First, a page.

Bioremediation using Fungi – Mycoremediation
Treatment of wastes, effluents and contaminated media in Environment and other scientific fields is a fast-growing field of technology today. The prime reason behind this is the rising levels of pollution and environmental degradation.
Scientists have developed numerous physical, chemical, biological and biogeochemical methods for the effective treatment of contaminated resources and media to revive their quality and make them fit for intensive use again.
Scientists have been looking for cheap and efficient remediation methods. Some of the methods like Electroremediation are very expensive and require specialized equipment. One of the most popular and cost-effective methods among them is Bioremediation.
Bioremediation is a process used to treat contaminated media, including water, soil and subsurface material, by altering environmental conditions to stimulate the growth of microorganisms and degrade the target pollutants.
It is less expensive and more sustainable than other physical and chemical remediation alternatives. Biological treatment is a similar approach used to treat wastes including wastewater, industrial waste, and solid waste.
Biological approaches based on industrial and environmental biotechnology is focusing on the development of “clean technologies” which emphasizes on the maximum production, reduced waste generation, treatment and conversion of waste in some useful form.
One such biological method is Mycoremediation which is based on the use of various forms of fungi for the removal of waste from the environment.
Fungi have been proven to be a very cheap, effective and environmentally sound way for helping to remove a wide array of toxins from damaged environments or wastewater. Mycoremediation is a form of bioremediation in which fungi-based technology is used to decontaminate the environment.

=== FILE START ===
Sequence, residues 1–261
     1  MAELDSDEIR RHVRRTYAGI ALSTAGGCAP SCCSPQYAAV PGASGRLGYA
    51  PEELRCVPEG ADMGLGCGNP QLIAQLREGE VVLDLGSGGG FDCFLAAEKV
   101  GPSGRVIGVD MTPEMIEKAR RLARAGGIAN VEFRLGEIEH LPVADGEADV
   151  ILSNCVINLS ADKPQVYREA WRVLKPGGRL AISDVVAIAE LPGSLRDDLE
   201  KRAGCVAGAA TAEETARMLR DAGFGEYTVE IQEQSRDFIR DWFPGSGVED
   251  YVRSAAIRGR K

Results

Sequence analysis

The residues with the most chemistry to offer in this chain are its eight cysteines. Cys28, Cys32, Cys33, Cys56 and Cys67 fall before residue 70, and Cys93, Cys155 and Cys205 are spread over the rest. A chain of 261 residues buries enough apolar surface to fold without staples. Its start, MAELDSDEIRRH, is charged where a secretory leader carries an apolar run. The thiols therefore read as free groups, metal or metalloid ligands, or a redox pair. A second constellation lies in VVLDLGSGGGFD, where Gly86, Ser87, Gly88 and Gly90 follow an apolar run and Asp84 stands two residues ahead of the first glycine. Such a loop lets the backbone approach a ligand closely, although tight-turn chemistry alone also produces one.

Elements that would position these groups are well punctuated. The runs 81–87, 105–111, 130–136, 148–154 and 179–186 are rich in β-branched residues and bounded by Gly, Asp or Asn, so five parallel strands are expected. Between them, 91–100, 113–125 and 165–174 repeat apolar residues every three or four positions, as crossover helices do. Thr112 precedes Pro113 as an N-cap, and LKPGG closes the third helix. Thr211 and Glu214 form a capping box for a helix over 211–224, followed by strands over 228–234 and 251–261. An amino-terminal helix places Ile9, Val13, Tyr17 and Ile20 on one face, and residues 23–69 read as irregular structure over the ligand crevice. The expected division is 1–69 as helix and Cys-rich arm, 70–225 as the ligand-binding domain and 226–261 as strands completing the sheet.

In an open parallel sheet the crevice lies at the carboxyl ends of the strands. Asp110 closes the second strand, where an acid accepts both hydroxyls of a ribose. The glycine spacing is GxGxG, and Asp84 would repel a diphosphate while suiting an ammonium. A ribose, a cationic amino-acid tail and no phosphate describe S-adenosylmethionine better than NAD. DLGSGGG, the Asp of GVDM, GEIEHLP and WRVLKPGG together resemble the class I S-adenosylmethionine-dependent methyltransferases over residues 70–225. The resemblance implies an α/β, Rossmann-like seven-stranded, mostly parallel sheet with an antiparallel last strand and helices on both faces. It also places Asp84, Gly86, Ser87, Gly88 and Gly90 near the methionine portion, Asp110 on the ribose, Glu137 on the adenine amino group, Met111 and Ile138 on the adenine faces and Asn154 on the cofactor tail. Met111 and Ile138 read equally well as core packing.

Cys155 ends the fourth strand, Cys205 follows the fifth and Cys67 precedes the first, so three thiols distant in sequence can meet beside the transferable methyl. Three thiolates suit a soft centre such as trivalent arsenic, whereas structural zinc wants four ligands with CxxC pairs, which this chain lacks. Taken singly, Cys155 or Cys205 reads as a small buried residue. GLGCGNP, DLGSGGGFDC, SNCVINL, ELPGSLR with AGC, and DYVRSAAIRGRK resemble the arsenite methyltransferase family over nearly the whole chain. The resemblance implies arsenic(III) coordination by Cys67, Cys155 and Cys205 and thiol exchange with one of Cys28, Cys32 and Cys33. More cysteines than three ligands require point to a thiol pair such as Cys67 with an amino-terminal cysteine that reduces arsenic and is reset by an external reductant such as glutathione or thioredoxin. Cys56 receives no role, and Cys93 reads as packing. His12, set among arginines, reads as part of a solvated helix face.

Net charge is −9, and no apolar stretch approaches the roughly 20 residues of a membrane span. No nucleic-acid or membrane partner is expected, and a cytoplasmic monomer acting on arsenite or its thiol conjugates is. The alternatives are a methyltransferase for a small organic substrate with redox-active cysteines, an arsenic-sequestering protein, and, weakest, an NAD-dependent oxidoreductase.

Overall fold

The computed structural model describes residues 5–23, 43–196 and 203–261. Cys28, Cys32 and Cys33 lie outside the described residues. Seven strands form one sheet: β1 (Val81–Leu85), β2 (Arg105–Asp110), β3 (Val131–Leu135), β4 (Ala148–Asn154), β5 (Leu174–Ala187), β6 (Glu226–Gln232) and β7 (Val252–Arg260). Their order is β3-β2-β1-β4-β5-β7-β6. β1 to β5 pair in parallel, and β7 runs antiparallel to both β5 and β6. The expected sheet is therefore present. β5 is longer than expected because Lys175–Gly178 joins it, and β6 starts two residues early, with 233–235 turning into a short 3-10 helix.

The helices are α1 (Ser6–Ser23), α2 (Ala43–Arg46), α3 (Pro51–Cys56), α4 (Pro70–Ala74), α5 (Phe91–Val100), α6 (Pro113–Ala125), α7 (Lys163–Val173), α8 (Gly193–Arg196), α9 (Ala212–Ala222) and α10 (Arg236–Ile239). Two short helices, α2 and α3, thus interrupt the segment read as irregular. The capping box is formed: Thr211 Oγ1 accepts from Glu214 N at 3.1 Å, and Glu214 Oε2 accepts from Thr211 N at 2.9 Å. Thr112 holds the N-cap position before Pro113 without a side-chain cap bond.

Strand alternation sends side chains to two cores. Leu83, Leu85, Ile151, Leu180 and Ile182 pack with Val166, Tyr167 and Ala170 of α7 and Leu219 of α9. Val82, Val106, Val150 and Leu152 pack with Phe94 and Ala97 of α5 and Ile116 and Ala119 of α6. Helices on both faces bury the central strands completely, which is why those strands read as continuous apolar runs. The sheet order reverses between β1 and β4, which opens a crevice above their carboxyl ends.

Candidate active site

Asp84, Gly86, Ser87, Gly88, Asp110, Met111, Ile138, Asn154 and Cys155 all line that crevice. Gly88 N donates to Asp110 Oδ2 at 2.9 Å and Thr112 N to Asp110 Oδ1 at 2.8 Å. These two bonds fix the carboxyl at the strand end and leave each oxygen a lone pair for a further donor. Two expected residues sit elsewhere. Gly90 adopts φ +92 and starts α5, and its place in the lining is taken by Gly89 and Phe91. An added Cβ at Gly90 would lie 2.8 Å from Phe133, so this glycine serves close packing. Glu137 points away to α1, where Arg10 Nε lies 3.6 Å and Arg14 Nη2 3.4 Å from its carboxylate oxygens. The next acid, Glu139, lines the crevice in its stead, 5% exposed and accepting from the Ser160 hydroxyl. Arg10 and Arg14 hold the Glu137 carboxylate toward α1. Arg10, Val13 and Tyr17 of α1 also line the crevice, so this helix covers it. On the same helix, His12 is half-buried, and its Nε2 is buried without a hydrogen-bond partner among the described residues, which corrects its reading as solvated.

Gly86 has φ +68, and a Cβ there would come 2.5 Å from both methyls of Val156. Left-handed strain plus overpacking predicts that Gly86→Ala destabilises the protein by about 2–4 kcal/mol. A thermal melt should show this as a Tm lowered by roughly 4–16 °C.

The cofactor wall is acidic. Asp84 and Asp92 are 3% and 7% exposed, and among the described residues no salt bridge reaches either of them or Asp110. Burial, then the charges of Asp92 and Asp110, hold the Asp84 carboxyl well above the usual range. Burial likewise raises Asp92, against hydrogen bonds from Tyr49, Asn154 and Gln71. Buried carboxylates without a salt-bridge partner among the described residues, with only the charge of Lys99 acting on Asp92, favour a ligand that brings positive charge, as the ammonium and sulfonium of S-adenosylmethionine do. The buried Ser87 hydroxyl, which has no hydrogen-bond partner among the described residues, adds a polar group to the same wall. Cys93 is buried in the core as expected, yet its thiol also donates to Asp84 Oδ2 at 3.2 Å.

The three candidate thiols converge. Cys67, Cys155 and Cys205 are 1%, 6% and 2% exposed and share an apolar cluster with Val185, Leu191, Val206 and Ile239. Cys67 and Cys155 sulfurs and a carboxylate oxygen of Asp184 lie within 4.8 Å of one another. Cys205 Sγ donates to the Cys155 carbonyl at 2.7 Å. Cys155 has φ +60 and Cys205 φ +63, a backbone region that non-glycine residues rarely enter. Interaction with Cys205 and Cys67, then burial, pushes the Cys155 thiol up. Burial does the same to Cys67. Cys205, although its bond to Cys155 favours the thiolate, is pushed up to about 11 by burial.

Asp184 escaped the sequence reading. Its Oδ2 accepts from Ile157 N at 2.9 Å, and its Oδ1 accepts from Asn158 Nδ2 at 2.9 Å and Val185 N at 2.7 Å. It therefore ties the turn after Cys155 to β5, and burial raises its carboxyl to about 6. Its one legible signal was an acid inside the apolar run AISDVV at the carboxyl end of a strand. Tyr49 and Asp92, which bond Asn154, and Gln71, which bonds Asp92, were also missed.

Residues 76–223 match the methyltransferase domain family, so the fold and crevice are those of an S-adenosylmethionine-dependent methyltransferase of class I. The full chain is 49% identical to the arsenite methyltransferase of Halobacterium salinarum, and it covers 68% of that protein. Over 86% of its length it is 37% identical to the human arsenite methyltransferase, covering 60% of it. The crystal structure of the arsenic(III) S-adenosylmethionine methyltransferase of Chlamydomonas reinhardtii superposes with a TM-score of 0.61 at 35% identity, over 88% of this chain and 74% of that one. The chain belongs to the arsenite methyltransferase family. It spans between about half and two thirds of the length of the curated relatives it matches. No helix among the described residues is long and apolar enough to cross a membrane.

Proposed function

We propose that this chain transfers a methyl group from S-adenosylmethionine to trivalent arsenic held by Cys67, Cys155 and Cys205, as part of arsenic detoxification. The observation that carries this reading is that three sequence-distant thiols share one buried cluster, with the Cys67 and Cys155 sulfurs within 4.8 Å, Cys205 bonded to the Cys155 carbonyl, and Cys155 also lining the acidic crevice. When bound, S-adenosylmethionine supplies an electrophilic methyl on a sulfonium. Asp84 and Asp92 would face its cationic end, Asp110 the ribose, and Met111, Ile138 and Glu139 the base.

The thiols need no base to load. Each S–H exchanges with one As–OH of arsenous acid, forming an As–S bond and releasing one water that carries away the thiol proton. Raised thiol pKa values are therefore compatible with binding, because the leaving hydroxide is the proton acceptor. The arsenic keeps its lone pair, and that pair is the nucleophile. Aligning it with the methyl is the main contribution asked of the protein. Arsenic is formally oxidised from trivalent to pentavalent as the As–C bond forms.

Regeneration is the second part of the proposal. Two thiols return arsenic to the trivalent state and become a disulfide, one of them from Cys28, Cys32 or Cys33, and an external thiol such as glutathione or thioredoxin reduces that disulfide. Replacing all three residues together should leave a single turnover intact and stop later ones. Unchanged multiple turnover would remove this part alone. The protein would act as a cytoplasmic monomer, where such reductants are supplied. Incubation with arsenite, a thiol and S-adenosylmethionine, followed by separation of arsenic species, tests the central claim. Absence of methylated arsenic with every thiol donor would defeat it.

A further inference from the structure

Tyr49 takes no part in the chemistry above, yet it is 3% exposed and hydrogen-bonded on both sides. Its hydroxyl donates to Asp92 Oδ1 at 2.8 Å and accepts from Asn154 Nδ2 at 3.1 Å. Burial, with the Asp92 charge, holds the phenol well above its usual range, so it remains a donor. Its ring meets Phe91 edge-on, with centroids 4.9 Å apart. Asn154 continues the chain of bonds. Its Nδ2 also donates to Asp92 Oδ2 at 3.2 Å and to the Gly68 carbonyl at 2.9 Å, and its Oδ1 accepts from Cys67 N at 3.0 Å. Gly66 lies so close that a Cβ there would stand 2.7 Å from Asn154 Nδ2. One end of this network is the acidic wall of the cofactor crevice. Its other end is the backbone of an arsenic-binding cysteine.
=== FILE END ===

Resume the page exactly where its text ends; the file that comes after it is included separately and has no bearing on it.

The toxins include heavy metals, persistent organic pollutants, textile dyes, leather tanning industry chemicals and wastewater, petroleum fuels, polycyclic aromatic hydrocarbon, pharmaceuticals and personal care products, pesticides and herbicide in the land, sweet water, and marine environments.
Types of treatment
Fungi use different methods to decontaminate polluted spots and stimulate the environment. These methods include
The conversion of industrial or agro-industrial sludges into some other useful forms is called Bioconversion.
Mycoremediation is being popularly used around the world by scientists and waste treatment experts for removal of contaminants and pollutants like:
- Organic pollutants
Benefits of Mycoremediation
The byproducts of the remediation can be valuable materials themselves, such as enzymes like laccase, edible or medicinal mushrooms, making the remediation process even profitable.
Fungi, with the help of their non-specific enzymes, are able to break down many kinds of substances. They are used for
- Pharmaceuticals and fragrances that normally are recalcitrant to bacteria degradation, such as paracetamol, the breakdown products of which are toxic
- Traditional water treatment, using Mucor hiemalis, and the phenols and pigments of wine distillery wastewater.
Synergy with Phytoremediation – Mycorrhiza
Phytoremediation refers to the technologies that use living plants to clean up soil, air, and water contaminated with hazardous contaminants. It is defined as “the use of green plants and the associated microorganisms, along with proper soil amendments and agronomic techniques to either contain, remove or render toxic environmental contaminants harmless”.
Phytoremediation is a cost-effective plant-based approach to remediation that takes advantage of the ability of plants to concentrate elements and compounds from the environment and to metabolize various molecules in their tissues. Most of the plants can form a symbiosis with fungi, from which both the organisms get an advantage. This relationship is called Mycorrhiza.
Mycorrhizal fungi, especially Arbuscular Mycorrhizal Fungi (AMF), can greatly improve the phytoremediation capacity of some plants. This is mostly because the stress the plants suffer because of the pollutants is greatly reduced in presence of AMF, so they can grow more and produce more biomass.
This relationship has been proven useful with many pollutants, such as:
- Rhizophagus intraradices and Robinia pseudoacacia in lead-contaminated soil.
- Rhizophagus intraradices with Glomus versiforme inoculated into vetiver grass for lead removal.
- AMF and Calendula officinalis in Cadmium and lead-contaminated soil.
This remediation method, in general, was effective in increasing the plant bioremediation capacity for metals, petroleum fuels, and PAHs. AMF greatly promote the biodegradation of organic pollutants in wetlands like benzene-, methyl tert-butyl ether- and ammonia from groundwater when inoculated into Phragmites australis.